“Discussions in Infection Control” Welcome to Dr. Muscarella's popular blog

BREAKING —  Heater-cooler devices are in the news, again: Open-heart surgery patients contacted about infection riskKCCI-8 TV (Des Monies, IL)

Dr. Muscarella: “This risk is national and affects dozens of U.S. hospitals. I wrote about this risk being a national concern two years ago, in 2014. Read my article: ‘Deadly Infections at a South Carolina Hospital in 2014: Was A Heater-Cooler Device To Blame?‘”



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Dr. Muscarella, As always, THANK YOU for your efforts and expertise chronicling infection control, transmission, investigations, revelations and insight into solutions. Your site and efforts have single-handedly provided a “One-Stop Go-To” resource allowing medical practitioners, patients, regulators, researchers, stakeholders, attorneys, etc., a most valuable and time-saving reference. You are deserving of the highest award in public service.” — LR, responding to one of Dr. Muscarella’s recent postings. (More testimonials)




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  • Click here to read about Dr. Muscarella’s quality and safety services committed to educating and helping hospitals (and manufacturers and patients) reduce the risk of healthcare-associated infections, including those linked to contaminated GI endoscopes and heater-cooler devices, among other types of reusable devices.


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Olympus recalls the “sealed” TJF-Q180V duodenoscope

FDA clears a modified TJF-Q180V duodenoscope

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These outbreaks at UCLA and other hospitals could collectively be the most significant instance of disease transmission ever linked to a contaminated reusable medical instrument. — Lawrence F Muscarella, PhD, a hospital-safety consultant in Montgomeryville, Pennsylvania as quoted in The LA Times (February 18, 2015)

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Lawrence F Muscarella PhD is the owner of LFM Healthcare Solutions, LLC, a Pennsylvania-based quality improvement and consulting company that provides safety services for hospitals, manufacturers and the publicEmail Dr. Muscarella for more details.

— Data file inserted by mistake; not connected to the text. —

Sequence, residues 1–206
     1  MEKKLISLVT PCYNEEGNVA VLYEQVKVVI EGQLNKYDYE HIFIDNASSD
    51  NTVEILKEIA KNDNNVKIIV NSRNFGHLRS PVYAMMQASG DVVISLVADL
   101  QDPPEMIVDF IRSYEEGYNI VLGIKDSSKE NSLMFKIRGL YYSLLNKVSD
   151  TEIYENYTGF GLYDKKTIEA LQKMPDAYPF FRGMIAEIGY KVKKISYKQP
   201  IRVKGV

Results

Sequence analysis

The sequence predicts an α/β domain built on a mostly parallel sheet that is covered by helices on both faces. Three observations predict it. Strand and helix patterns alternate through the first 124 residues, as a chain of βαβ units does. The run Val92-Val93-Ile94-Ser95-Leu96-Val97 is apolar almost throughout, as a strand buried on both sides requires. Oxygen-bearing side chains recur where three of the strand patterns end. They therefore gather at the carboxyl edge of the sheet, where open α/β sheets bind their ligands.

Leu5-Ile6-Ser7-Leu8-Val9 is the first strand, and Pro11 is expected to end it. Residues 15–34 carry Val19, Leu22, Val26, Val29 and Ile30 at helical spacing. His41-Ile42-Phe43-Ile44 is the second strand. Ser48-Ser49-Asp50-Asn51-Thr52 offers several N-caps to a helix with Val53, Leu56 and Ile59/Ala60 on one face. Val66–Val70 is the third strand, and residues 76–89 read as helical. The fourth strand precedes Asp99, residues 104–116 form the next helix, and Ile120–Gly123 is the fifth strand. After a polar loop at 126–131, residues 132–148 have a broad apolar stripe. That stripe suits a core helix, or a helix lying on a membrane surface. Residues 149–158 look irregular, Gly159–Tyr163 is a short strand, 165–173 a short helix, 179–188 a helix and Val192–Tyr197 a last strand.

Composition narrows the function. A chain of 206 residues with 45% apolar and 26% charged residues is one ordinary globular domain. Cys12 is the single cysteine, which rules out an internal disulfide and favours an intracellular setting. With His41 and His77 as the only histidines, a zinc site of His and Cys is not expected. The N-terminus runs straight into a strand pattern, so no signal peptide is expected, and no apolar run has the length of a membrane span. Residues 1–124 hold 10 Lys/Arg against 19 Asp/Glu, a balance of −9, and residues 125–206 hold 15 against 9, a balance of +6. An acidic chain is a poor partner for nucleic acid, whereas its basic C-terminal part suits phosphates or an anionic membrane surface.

Disclaimer: LFM Healthcare Solutions, LLC, owns, publishes, and is solely responsible for the content of “Discussions in Infection Control.” © Copyright 2013-2016. All Rights Reserved.

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  • Lawrence F Muscarella PhD, writing here along with award winning Health Journalists’ Chad Terhune and Melody Petersen, in LA Times shed light on this tragic problem.
    Olympus knew, concealed, had proof, in excess of 15+ years, that many of their scopes, as designed, could not be cleaned. Where was FDA who failed to grant their usual ‘rubberstamp’ of more recent scope designs? Facilities knew when outbreaks occurred yet did nothing, leaving uninformed patients at risk of dying.
    The Senate report is critically important. It defines the problem and presents solutions. http://www.help.senate.gov/imo/media/doc/Duodenoscope%20Investigation%20FINAL%20Report.pdf
    The simple conclusion:
    “A passive device surveillance system is ineffective even when manufacturers and hospitals self​ ​report information about device​ safety to FDA​”​
    “Even when” misleads when the report clearly acknowledges both manufacturer and facility reporting are severely lacking.
    Charting device serial numbers, scanning barcoded device entries to insurance documentation as is now required for pharmaceutical and blood products should be required by law. Inspections to ensure compliance? YES. Ignoring the problem will not make it disappear. Healthcare facilities, of all entities, should be spearheading compliance to lessen overall escalating infections, reducing healthcare costs, saving lives.
    “First do no harm.”

  • Hi Lawrence,

    Thank you for your great blog and endoscope reprocessing resources offered.

    I am a nurse researching various options for new AERs as our current machines are due for replacement this year. One of the machines we were considering is the Medivators Advantage however I have found some product bulletins which are raising alarm bells, see below:

    This sentence in particular is very concerning:
    “In these instances MEDIVATORS has removed the ability to monitor the specific channels from the software parameter set to eliminate false alarms related to disconnection and blockage anomalies. Users reprocessing these endoscopes should check for blockages in the pertinent channels during the manual cleaning process. Then during reprocessing in the ADVANTAGE, any channel that is found disconnected at the completion of the reprocessing cycle should be reconnected and the entire endoscope reprocessed again”

    I am aware of at least two models listed which are in regular use at our hospital.

    Lawrence, what is your advice concerning the lack of complete channel monitoring/alarming offered by the Medivators Advantage endoscope reprocessor? What are the dangers of manually checking for blockages and how can we prevent human error?

    Thanks in advance.

    Sally Bainbridge

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